Everyone who watched the Celtics edge the Cavaliers last night is going to remember Jeff Green’s buzzer-beating layup, and with good reason. It was a fantastic play, elevating around two defenders and scooping the ball off the glass as the final horn sounded. Not only was it Green’s second game-winning layup of the year, it was a big shot for the reeling Celtics, who are looking to stay afloat in the playoff standings without Kevin Garnett. So you are excused if that’s the play that sticks with you.
But another sequence involving Green much earlier in the game merits a second look as well because it showed improvement in a couple of important areas in his game.
The first: finishing drives to the basket with his left hand. On consecutive plays in the first quarter, Green drove to his left and finished layups off the glass with his left hand, which is a skill anyone who consistently watches the Celtics has been dying to see more from Green. Here they are (and once again, I apologize for how badly Synergy is recording videos at the moment).
I can’t stress enough how important it is that Green establishes his left hand dribble drives as a consistent offensive weapon. Against Miami, we saw what happens when a team puts a slower defender on Green, allowing him to go to his right, but what happens when a faster defender can deny him one direction? He needs to be able to score going the other way to avoid becoming one dimensional and thus easily contained.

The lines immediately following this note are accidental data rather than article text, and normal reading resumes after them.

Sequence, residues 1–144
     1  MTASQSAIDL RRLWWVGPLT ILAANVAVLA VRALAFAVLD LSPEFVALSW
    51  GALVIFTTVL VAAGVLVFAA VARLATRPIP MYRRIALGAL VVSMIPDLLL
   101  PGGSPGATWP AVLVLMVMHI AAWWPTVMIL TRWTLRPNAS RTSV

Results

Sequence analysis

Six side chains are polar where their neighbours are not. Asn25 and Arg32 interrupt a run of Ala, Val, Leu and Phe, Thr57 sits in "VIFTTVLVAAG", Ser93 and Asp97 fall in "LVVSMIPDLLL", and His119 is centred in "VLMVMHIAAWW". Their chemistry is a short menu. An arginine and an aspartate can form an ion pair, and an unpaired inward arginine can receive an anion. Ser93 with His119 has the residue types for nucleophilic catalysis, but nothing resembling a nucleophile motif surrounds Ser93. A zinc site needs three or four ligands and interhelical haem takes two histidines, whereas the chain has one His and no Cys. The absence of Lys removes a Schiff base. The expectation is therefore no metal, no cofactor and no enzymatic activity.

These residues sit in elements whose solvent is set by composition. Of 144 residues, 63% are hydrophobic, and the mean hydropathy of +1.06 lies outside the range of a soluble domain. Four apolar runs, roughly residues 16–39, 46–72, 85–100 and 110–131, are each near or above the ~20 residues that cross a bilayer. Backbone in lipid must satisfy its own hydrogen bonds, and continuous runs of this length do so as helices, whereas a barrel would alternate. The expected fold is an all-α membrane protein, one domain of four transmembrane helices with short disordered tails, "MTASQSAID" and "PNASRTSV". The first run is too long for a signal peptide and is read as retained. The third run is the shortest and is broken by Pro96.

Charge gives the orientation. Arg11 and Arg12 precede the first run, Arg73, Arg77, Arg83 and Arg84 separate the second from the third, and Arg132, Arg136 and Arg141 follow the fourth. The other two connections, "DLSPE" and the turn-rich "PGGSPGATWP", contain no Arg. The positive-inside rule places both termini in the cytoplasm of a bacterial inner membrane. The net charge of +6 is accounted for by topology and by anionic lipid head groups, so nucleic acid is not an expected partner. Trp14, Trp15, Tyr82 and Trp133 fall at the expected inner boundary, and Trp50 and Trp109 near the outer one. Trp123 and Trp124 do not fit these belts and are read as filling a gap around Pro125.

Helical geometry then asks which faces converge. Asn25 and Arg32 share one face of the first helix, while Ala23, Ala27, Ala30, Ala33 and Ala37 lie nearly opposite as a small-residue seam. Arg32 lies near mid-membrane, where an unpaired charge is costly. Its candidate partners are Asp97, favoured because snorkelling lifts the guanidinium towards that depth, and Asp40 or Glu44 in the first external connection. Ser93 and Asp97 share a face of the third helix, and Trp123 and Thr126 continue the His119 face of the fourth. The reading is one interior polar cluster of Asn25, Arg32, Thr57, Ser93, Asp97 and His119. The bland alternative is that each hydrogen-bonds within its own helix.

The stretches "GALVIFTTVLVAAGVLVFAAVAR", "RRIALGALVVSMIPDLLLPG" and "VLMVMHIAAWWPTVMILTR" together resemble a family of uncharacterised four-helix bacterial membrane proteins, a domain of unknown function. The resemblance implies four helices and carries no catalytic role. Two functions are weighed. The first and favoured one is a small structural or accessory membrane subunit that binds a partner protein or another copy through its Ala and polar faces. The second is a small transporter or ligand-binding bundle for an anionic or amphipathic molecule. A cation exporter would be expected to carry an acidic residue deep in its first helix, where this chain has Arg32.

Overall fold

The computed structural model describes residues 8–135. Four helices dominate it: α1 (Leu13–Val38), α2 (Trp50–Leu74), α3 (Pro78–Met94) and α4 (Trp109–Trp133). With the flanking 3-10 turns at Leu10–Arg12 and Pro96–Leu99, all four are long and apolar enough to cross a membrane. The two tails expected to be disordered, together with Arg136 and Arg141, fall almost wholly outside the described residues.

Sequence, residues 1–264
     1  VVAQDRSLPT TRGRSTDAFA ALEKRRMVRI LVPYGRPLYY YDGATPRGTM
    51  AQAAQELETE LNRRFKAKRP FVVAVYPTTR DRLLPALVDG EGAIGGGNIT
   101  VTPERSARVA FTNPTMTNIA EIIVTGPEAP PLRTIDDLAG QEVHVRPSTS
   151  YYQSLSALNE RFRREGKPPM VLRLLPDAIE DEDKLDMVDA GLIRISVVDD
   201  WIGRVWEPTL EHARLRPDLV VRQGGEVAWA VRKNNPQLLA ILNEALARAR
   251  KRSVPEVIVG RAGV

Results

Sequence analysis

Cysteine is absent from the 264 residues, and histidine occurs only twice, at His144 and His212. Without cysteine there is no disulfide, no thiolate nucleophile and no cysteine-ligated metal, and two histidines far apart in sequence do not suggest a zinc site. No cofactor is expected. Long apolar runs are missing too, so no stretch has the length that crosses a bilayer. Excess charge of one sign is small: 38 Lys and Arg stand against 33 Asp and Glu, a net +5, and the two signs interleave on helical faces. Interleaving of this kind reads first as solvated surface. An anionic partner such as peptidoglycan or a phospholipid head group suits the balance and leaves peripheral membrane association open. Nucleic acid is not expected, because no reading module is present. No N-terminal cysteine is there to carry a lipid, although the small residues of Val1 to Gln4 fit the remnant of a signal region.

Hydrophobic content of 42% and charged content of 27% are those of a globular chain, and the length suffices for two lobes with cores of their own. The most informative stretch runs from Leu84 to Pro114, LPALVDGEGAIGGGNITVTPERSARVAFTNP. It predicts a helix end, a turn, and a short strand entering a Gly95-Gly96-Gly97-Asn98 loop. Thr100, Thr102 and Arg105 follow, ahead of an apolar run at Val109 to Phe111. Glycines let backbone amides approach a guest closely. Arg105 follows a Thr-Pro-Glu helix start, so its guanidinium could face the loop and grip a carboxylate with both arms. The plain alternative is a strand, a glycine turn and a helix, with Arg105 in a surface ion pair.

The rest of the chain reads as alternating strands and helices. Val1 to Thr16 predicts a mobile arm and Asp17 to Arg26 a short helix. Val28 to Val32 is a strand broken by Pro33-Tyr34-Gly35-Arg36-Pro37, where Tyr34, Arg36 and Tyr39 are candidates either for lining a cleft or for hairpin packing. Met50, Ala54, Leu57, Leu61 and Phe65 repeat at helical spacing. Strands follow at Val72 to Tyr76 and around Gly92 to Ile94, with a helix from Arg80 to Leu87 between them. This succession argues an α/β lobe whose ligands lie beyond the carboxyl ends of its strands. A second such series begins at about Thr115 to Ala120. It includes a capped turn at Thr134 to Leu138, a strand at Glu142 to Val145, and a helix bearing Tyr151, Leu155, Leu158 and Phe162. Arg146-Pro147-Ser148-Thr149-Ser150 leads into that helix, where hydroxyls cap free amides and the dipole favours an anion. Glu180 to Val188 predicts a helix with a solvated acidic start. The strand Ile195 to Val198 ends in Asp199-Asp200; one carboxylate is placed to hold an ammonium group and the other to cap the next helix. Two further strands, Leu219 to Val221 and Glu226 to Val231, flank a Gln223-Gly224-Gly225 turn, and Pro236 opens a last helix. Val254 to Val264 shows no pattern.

But even if Green can go both ways, help defenders can stop him if he isn’t able to drive and dish. He doesn’t need to be an elite passer, just a sufficient one (which is good, because Green averages just 1.9 assists per 36 minutes and an AST% of 9.0). But this pass to Brandon Bass was the perfect way to read the defense and react accordingly.
Again, this pass is nothing incredibly flashy, but it shows an aggressive Green attacking the basket to his weaker side and drawing the defense to him as a result of his earlier layups. After Zeller leaves Bass, Green dishes to him quickly, and Zeller is out of position when he tries to rotate back. Bass scores with ease. Another possession, another instance in which Jeff Green shows how he can make a defense uncomfortable simply by making smart basketball plays.
Green was credited with five assists in last night’s game, which is generous when you examine them individually. The first was the pass above to Brandon Bass (clearly valid), but three of the five assists involved multiple dribbles after the pass, and two of those ended up in made jumpers. So there really weren’t other examples of Green’s passing on display. It’s also worth noting that Green threw up an uncharacteristic amount of mid-range jumpers, which are arguably always inefficient and inarguably always inefficient for Green. So the minuscule sample size presented above is nothing more than a flash of what could be.
Still. It’s fun to see a player doing the things that, if done consistently, would so clearly and tangibly improve his game even in a small sample size. And given Green’s usually-solid shot selection and his obvious interest in self-improvement, even small sample sizes can be encouraging.
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